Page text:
Visitors to the Alpine resort have spent over one million nights in one of its accommodation facilities in the first ten months of the year after the one millionth mark was broken for the first time ever at the end of last year.
It was British visitors who spent most nights at Bled (177,000), followed by Germans (92,000) and visitors from the United States (67,000) and Italy (65,000).
Since many Italians tend to spend their Christmas and New Year holidays in Bled, the local tourism board expects they will overtake the Americans as the third largest group of visitors in terms of nights.
Tourism statistics are expected to improve further because Bled has also attracted many of the biathlon fans and athletes competing at the Biathlon World Cup opener on Pokljuka just above Bled this week.
Photo: Screenshot of Google Image Search
STA, 5 November2018 - With the United Kingdom being one of the key markets for Slovenian tourism, some 35 Slovenian companies and organisations are being promoted at London's WTM, a leading global event for the travel industry, which runs from Monday to Wednesday.
We are delighted to announce the iconic #Ljubljana Castle is our official #WTMLDN partner.— Slovenia Tourism (@tourism_slo) November 5, 2018
The partnership is part of helping preserve the historic @Ljubljanskigrad, which has provided panoramic views of the city for 900 years.
⤵️Visit Stand EU1400 to learn more ? @WTM_London pic.twitter.com/Y9yHLlFFKq
Slovenia is being promoted under the auspices of the Slovenian Tourist Board (STO) as an attractive destination offering "five-star experiences".
A special emphasis is placed on culture, which is the main theme of the STO's promotional campaigns in 2018 and 2019.
The country's exhibition area, spreading on more than 175 square metres, features Ljubljana Castle as the main partner.
On Tuesday, the Slovenian pavilion will feature a meeting of Slovenian tourism industry representatives with British and global tour organisers plus global media.
Slovenian food will be served by chef Igor Jagodic and the author of the best article on Slovenia written this year will be declared.
STO director Maja Pak says that "as as one of the most important and globally recognisable fairs, the WTM is a unique opportunity to consolidate the existing and create new business opportunities as well as to connect with the tourism industry in the UK and wider."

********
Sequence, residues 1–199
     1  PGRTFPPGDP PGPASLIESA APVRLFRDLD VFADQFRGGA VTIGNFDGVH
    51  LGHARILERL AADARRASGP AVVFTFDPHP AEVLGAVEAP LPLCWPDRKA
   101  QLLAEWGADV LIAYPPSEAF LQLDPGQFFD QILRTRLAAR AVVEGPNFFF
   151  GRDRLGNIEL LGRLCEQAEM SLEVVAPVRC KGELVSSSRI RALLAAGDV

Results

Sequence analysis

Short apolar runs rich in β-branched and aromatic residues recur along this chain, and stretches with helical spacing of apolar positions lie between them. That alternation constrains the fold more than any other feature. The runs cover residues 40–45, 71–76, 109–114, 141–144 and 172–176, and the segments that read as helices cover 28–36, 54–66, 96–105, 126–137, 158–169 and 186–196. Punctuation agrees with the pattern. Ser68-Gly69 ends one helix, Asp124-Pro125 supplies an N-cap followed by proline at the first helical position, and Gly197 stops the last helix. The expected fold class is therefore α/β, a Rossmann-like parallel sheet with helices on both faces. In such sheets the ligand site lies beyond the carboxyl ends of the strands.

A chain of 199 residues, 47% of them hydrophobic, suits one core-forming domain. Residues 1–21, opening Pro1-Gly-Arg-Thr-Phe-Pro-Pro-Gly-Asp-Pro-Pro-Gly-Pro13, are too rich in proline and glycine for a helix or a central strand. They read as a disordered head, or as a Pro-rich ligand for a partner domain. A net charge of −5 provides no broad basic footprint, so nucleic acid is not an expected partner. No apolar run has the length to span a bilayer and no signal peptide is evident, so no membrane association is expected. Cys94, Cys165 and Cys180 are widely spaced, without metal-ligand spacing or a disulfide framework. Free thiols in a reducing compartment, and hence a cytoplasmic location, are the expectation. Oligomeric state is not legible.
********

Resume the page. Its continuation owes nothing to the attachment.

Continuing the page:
Slovenia is recording a rise in arrivals and overnight stays by British tourists, according to Pak, who said that a 27% increase in arrivals was reported for the January-to-August period compared to last year.
In 2017, British tourists accounted for 370,000 nights in Slovenia, whose tourist industry has posted strong growth over the past few years. They are mostly interested in the country's mountains, cuisine, ski resorts and culture.
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STA, 1 October 2018 - New rules governing tourist accommodation facilities in Slovenia took effect on Monday, introducing internationally-comparable Hotelstars standards and giving accommodation owners six months to adjust.
STA, 1 October 2018 - The Financial Administration (FURS), which announced stepped up measures targeting a surge in undeclared vacation rentals at the end of last year, issued a total of EUR 237,000 in fines and charged EUR 230,000 in additional tax by the end of August.
STA, 20 September 2018 - Participants of a three-day meeting of ministers and state secretaries from China and Central and Eastern European countries, including Economy Ministry State Secretary Eva Štravs Podlogar, agreed that the Chinese tourism market was very important for CE Europe, including Slovenia.
STA, 11 September 2018 - The future of tourism, Tourism 4.0, will be created using high-performing computers, believes Tomi Ilijaš, the founder and CEO of Arctur, a leading high performance computer provider in Central and Eastern Europe. The tourism of the future must be a driving force of positive change, panellists at the Bled Strategic Forum (BSF) agreed on Tuesday.